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NAR Releases Mixed Report on Existing Home Sales in January

Existing-home sales fell from December to January but were still above year-ago levels, the ""National Association of Realtors"":http://www.realtor.org/ (NAR) reported Friday.


According to ""NAR's report"":http://www.realtor.org/press_room/news_releases/2010/02/ehs_january2010, existing-home sales -- including single-family, townhomes, condominiums, and co-ops -- declined 7.2 percent to a seasonally-adjusted annual rate of 5.05 million units in January 2010, down from a revised 5.44 million units in December. Despite the month-to-month drop, sales remained 11.5 percent above the 4.53 million-unit level recorded in January 2009.

Lawrence Yun, NAR chief economist, said most of January's sales were based on contracts from November and December. He explained that potential buyers who got into the market after the homebuyer tax credit was extended in November have only recently started to offer contracts, and due to the delay between shopping and closing, it will take a couple of months to complete those deals.

""Still, the latest monthly sales decline is not encouraging and raises concern about the strength of a recovery,"" Yun said.

NAR reported that existing-home sales varied by region. The smallest month-to-month decrease was seen in the West, where sales declined 5.2 percent to an annual rate of 1.28 million. The most notable monthly drop was in the Northeast, where sales plummeted 10.9 percent to an


annual pace of 820,000. However, sales in this region were 22.4 percent above January 2009 levels, marking the largest year-over-year increase.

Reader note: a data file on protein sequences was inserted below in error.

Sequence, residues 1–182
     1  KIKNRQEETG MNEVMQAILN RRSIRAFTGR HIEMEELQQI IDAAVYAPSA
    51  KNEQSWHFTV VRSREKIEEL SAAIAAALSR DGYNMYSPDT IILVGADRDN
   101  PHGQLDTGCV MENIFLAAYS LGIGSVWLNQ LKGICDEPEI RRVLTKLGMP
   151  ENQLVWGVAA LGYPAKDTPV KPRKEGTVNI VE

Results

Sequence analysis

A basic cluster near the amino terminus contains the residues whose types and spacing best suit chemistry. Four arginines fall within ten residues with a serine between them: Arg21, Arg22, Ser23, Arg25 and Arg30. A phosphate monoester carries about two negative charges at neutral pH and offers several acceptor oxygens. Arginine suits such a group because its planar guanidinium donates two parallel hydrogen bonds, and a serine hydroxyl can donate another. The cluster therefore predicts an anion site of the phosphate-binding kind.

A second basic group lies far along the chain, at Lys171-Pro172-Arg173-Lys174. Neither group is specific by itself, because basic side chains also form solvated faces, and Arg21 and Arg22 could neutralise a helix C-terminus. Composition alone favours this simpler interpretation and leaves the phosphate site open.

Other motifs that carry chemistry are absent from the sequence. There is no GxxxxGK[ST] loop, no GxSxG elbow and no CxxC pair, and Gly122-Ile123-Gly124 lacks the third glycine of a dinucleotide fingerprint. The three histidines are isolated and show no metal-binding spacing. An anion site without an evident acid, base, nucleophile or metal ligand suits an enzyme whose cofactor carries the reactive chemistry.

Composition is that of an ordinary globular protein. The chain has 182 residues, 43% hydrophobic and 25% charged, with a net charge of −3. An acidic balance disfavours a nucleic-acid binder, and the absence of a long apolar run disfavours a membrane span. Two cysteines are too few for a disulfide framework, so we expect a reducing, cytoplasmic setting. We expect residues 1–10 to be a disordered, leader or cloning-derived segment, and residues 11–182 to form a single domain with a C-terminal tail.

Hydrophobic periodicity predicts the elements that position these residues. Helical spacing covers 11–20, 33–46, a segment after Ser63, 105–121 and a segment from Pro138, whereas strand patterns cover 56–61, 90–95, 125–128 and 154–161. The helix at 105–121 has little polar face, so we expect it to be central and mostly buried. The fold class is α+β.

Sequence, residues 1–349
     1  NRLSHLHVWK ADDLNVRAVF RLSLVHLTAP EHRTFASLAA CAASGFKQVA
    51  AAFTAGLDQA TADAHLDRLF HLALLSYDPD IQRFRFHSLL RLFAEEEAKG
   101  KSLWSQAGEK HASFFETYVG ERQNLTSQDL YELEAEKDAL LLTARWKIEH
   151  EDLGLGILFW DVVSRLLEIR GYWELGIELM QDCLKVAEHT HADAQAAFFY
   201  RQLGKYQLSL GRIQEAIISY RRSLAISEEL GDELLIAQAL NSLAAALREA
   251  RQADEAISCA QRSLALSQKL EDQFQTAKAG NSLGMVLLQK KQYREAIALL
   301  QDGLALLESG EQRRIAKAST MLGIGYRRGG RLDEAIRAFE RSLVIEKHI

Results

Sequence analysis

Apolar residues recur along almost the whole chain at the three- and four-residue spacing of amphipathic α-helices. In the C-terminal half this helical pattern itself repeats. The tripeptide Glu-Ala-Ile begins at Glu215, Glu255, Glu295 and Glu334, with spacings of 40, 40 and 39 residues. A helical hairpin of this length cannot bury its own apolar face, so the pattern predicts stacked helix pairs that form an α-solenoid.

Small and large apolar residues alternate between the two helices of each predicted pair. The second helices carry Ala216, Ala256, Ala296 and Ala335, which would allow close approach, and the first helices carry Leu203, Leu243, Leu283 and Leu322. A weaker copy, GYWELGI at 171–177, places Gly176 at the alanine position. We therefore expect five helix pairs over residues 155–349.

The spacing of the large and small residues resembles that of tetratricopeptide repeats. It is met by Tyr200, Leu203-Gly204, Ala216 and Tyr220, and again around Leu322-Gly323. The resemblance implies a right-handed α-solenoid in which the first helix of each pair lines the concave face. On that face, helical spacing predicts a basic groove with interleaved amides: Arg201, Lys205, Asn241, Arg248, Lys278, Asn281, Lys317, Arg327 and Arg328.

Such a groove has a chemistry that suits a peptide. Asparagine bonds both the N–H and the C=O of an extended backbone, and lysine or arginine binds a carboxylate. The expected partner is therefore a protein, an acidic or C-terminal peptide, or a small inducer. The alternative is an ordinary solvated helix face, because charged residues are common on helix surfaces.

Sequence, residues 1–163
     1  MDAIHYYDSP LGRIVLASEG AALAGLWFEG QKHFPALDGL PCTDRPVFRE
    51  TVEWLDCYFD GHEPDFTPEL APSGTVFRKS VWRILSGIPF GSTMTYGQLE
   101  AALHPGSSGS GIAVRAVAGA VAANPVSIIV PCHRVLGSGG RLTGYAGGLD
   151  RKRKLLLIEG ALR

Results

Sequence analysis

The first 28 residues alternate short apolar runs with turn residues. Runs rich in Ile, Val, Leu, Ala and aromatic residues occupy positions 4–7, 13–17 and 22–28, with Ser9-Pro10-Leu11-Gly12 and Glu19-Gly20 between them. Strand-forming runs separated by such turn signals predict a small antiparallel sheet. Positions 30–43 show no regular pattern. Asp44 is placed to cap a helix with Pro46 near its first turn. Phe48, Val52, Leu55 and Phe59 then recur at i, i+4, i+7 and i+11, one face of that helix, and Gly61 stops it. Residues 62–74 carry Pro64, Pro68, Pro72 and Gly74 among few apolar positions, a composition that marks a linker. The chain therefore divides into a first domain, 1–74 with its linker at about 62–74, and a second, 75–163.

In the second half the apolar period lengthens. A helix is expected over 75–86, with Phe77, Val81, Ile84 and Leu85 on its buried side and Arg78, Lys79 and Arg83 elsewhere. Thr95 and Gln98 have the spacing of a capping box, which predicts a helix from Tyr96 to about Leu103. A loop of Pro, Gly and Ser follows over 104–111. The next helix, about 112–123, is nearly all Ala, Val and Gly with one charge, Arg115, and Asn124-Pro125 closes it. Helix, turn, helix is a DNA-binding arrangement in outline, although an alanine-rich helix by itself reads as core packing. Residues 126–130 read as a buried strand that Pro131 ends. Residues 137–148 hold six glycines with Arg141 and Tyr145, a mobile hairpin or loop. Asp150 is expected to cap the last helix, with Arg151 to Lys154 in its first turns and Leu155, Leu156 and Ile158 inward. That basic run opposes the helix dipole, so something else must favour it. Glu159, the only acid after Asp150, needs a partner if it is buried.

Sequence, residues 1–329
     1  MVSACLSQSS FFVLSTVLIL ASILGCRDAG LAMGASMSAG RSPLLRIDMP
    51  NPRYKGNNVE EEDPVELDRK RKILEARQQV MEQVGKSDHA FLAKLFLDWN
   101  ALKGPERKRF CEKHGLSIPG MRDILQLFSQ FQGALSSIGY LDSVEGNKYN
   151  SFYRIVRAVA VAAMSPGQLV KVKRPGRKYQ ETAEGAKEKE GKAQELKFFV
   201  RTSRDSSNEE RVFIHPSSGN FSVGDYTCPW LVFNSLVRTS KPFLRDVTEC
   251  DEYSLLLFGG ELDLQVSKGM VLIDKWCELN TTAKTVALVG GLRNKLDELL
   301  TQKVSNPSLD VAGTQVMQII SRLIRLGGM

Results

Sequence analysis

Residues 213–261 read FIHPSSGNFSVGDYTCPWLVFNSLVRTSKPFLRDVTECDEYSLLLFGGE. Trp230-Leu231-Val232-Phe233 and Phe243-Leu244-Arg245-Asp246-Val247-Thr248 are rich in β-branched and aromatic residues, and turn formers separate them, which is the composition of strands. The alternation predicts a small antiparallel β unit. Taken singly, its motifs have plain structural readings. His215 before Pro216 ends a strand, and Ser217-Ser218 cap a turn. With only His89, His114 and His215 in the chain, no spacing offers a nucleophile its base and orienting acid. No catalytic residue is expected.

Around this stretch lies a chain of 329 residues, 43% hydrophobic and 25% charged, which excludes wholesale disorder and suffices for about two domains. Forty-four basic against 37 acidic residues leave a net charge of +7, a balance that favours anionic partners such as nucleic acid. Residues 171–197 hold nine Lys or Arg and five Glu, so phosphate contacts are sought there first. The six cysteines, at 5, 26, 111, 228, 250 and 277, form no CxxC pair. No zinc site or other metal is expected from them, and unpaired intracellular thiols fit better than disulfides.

At the end of January, total housing inventory fell 0.5 percent to 3.27 million existing homes available for sale. Due to the current sales pace, this represents a 7.8-month supply of backlogged homes, up from a 7.2-month supply in December. On a year-over-year basis, this inventory has plummeted 9.6 percent and is at its lowest level since March 2006.

""Activity should be picking up strongly in late spring as buyers take advantage of the tax credit, which is critical to absorb distressed properties reaching the market and to continually chip away at inventory,"" Yun said. ""With a downtrend in the number of homes on the market, especially in the lower price ranges, values are beginning to firm but with great variance around the country.""

Unchanged from a year ago, the national median existing-home price for all housing types was $164,700 in January. NAR said distressed homes, which accounted for 38 percent of transactions in January, continued to downwardly distort the median price because these properties are typically discounted in comparison with traditional homes in the same area.

Regionally, prices fared the best in the Northeast and decreased the most in the West. Year-over-year, the median price in the Northeast increased 8.8 percent to $245,300, representing the highest overall median price in the four regions tracked by NAR. In the West, the median price fell to $203,400, down 5.8 percent from a year ago. At $130,300, the lowest overall median price was in the Midwest, but this was only a 1 percent drop from last year.

According to a parallel NAR survey, first-time homebuyers purchased 40 percent of homes sold in January, down from 43 percent in December. Investors accounted for 17 percent of transactions, up from 15 percent the prior month, and the remaining sales were to repeat buyers. The survey also showed that buyer traffic increased 9.4 percent in January.

About Author: Brittany Dunn


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